Wow, it’s almost the end of another homeschool year for us. Where has the time gone?
I had intended to write throughout the year about homeschooling with chronic illness but here’s the reality, I was sick.
That’s the thing, when you’re homeschooling with a chronic illness you have to pick and choose what you can do each day.
We moved just as school was getting started and my “new” house began to make me very sick.
That’s a story for another time but the result was that I was extremely fatigued, my pain level went back up to a 10 and I began having a tough time just getting through my days.
Of course, being the doer that I am, I continued to push myself to get the kids to their activities and outside classes but I also made myself go to my room and take a nap almost every day. This time around, I didn’t overwhelm myself with guilt. I knew I needed this in order to get through the rest of the day.
We got our basement worked on, we had sump pumps and drains installed because it turned out that the wet damp environment down there was the source of my demise.
What did my homeschool look like this year? In the exact words of my 8-year-old son, “Mommy, you didn’t do hardly any projects with me this year and it was boring.” Yep, he really did say that.
So, this past month I’ve been printing things out like crazy to do a lap book or two, I’ve been trying to read out loud to him and I’ve been scheduling in some simple things to make him feel like we actually did do some projects.
Book work alone is B – O – R – I – N – G, especially to an 8-year-old boy. Now, in my defense, my little guy had tons of time in sports this year playing basketball and lacrosse, his sisters played basketball out front with him and he has been helping to train our new puppy. We did yard work, worked on preparing our garden and even had a PE class with a group of homeschoolers in the area.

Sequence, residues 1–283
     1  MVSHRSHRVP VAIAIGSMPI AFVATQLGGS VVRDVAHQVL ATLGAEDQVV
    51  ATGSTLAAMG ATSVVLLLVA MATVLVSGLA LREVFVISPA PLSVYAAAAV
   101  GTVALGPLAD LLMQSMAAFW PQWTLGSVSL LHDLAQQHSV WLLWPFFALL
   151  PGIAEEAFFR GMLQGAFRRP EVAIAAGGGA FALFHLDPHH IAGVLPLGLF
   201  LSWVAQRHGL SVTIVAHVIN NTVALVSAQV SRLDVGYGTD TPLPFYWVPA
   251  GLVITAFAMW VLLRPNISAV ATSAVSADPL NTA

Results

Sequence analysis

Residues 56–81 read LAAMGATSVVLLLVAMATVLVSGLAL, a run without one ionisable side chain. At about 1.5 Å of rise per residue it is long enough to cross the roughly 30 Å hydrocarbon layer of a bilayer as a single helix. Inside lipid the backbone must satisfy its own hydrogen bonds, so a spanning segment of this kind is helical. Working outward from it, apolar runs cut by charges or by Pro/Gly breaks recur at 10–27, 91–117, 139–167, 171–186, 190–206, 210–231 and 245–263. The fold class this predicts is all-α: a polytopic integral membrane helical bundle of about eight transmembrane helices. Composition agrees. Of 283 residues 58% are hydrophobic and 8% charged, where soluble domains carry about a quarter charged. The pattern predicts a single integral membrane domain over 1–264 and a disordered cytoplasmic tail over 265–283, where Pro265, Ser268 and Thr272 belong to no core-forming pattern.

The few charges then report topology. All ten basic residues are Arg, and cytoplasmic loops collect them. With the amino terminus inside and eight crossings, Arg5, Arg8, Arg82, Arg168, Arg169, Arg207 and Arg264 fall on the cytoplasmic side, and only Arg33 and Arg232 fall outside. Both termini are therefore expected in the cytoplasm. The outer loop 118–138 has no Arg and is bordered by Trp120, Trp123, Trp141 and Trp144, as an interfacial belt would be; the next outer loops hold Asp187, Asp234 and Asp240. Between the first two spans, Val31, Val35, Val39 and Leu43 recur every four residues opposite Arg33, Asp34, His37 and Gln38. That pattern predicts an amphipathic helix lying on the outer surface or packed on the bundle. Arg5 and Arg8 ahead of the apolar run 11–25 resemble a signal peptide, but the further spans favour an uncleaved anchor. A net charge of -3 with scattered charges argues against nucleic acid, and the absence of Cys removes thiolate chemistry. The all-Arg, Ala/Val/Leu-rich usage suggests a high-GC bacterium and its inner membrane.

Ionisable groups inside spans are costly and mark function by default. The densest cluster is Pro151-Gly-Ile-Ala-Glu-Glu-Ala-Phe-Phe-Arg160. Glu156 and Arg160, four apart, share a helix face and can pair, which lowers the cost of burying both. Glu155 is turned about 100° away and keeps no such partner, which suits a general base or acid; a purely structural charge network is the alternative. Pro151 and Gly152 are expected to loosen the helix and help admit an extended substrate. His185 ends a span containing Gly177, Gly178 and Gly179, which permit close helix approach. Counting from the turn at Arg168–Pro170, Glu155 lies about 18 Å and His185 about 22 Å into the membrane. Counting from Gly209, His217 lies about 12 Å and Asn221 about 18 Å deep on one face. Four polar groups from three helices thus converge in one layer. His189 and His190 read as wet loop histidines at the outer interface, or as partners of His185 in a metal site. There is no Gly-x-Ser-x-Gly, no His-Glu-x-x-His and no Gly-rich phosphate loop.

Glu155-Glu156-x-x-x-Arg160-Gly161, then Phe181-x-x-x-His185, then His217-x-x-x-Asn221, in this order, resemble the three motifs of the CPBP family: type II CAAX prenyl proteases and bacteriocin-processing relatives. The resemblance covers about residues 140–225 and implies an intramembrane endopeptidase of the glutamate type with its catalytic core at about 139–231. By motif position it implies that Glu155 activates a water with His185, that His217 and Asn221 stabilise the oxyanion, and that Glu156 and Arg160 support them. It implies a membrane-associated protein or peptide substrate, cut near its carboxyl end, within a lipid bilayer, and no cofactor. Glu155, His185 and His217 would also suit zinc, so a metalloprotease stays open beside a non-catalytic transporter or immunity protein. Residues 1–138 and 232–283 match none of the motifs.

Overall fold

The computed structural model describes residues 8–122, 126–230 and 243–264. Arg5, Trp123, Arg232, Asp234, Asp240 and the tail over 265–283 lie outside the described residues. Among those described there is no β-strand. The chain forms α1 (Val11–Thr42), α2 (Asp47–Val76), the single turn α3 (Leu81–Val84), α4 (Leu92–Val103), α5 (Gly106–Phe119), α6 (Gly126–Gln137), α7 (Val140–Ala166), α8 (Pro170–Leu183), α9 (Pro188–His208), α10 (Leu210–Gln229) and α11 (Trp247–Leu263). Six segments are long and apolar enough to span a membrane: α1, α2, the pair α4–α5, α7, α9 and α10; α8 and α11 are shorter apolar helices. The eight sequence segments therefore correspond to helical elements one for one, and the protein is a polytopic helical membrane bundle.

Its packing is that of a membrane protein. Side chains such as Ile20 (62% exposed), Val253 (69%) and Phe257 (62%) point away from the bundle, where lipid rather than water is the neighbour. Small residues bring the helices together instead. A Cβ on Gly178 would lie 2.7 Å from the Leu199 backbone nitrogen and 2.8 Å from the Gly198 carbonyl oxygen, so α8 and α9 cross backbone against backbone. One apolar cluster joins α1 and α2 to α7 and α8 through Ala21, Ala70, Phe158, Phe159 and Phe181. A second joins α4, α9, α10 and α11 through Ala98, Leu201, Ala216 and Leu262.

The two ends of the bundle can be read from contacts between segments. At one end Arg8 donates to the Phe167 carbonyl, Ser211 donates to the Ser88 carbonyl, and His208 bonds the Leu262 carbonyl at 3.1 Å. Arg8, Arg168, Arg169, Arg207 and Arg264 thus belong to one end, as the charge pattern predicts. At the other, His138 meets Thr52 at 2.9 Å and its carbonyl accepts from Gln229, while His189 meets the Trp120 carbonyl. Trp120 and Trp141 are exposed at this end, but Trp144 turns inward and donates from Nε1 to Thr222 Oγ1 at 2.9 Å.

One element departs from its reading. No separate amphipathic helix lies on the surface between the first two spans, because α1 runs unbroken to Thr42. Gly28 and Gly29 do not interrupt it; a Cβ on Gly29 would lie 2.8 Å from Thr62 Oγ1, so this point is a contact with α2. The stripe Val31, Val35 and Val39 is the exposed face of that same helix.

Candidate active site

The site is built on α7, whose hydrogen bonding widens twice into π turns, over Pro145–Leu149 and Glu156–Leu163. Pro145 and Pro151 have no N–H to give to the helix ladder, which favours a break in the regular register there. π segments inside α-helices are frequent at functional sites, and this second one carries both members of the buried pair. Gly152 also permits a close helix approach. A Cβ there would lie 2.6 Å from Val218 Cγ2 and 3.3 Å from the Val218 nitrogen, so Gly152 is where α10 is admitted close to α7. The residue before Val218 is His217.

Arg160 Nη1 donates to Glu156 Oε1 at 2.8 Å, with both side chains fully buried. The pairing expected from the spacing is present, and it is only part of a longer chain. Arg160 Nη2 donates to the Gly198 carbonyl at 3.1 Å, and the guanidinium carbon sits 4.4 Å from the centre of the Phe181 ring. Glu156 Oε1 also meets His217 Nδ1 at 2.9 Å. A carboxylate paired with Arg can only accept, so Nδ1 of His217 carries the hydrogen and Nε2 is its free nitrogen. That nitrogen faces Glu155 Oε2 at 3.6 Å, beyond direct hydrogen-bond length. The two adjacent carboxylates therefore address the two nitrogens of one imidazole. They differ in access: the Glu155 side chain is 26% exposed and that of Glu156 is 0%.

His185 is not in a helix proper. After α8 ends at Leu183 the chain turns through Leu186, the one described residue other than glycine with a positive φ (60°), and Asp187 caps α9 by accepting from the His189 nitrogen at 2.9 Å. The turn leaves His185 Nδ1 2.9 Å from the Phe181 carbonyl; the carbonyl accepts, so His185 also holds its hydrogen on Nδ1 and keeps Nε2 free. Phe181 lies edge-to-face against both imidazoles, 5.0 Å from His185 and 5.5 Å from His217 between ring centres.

I look at our Lesson Plan book and hardly think he had a boring year, but since he’s the 4th child I knew what he was really telling me was, “Mom, I just want you to sit next to me and do something with me other than a workbook.”
That’s hard to do when overwhelming fatigue and brain fog are your constant companion.
There will be years when real life gets in the way of homeschooling. There were years for us when we did more school in doctor’s offices than at home. Then there were a few years where formal book work didn’t get done but we listened to audio books, watched movies and just tried to survive our illness with chronic Lyme disease.
I figured my kids learned more about the human body, nutrition, medications, interacting with doctors, and insurance companies than most adults had ever learned so I definitely counted those as real life educational experiences. Our main goal was to get better.
Now, my oldest is in school in the medical field and my second graduate is working with animals at an animal hospital.
Don’t despair if your school year doesn’t look like you think it should. Look at your life and see where real life learning is taking place. Listen to audio books, watch educational videos and spend time loving and encouraging each other.
Learning is for life not just for school.